7. All parties agree that the Franklin ward and the 215 additional ward fragments identified in Appendix A do not reflect true municipal-ward “islands,” that is, noncontiguous territory which is separated by the territory of another municipality from the major part of the municipality to which it belongs, see Wis. Stat. § 5.15(1)(b), (2)(f)(3).

8. All parties agree that detaching any of the 216 ward fragments identified in Appendix A from the rest of the ward to which it is assigned in the August 2021 Redistricting Dataset will not count as a ward split when evaluating a proposed remedial map.

9. All parties agree that any of the 216 ward fragments identified in Appendix A will be considered part of the municipality to which the August 2021 Redistricting Dataset and the 2020 Census Redistricting Data assigned it, regardless of whether that assignment may have been due to error in the U.S. Census data, when evaluating a proposed remedial map.

Paragraphs 8 and 9 address whether or not incorrectly labelled blocks should be counted as ward or municipality splits. This has nothing to do with physical contiguity.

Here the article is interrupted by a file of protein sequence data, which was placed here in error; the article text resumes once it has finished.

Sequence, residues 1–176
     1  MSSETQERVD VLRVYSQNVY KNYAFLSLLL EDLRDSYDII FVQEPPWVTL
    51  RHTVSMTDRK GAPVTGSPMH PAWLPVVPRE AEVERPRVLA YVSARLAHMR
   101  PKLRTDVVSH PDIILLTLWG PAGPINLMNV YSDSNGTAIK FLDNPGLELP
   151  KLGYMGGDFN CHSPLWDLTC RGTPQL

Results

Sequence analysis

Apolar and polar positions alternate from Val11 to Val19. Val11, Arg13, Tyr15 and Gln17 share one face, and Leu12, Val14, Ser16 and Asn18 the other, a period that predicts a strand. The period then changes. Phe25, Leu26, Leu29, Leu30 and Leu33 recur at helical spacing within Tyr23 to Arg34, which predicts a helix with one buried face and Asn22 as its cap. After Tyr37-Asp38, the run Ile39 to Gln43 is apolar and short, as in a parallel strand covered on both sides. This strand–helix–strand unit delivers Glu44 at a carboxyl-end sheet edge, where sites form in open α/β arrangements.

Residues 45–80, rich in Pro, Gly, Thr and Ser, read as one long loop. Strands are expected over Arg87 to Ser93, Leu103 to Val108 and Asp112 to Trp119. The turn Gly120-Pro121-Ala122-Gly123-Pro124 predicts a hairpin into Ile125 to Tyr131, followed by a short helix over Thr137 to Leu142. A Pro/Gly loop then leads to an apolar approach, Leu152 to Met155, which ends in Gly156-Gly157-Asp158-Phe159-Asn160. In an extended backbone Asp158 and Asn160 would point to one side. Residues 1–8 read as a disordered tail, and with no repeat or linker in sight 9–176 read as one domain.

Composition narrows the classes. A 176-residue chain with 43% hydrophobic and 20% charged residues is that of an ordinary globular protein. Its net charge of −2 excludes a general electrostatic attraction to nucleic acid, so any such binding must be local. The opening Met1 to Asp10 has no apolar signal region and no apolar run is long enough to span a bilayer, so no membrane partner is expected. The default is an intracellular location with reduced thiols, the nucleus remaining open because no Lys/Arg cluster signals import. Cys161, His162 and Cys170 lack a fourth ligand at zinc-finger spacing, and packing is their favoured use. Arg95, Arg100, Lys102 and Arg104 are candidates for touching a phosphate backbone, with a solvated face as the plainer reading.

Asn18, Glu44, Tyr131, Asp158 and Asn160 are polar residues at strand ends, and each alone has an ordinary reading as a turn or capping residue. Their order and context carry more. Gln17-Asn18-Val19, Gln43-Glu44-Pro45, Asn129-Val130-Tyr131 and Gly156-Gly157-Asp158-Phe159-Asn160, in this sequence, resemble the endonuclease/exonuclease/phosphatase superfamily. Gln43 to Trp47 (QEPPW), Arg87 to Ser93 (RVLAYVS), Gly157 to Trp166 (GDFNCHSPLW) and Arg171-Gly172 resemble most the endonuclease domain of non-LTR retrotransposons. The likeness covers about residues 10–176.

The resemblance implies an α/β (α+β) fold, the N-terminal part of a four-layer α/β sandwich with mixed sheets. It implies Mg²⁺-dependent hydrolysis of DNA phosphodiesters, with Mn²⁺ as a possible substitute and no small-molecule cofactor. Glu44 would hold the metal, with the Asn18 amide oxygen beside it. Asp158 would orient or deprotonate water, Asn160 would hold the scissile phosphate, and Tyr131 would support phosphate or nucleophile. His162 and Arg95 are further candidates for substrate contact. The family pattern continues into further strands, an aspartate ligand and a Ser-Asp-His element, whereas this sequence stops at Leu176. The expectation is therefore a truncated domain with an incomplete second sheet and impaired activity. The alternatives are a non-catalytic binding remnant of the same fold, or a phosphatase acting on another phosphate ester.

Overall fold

The meaning of paragraph 7 is less clear to me. What does it mean to say that the ward fragments are not actually “separated by the territory of another municipality from the major part of the municipality to which it belongs”? What if the ward fragment is separated by another district from the main body of the district to which it belongs?

One thing is clear. The Joint Stipulation does not dispute the actual physical location of any of the census blocks. Using the Census Bureau’s census block GIS file to draw maps defined by the Democratic Senator Respondents’ block assignment files will still result in situations where landbound portions of some districts are unconnected to the rest of the district.

Continue ReadingDoes One of the Proposed Remedial Redistricting Plans Contain Noncontiguous Districts?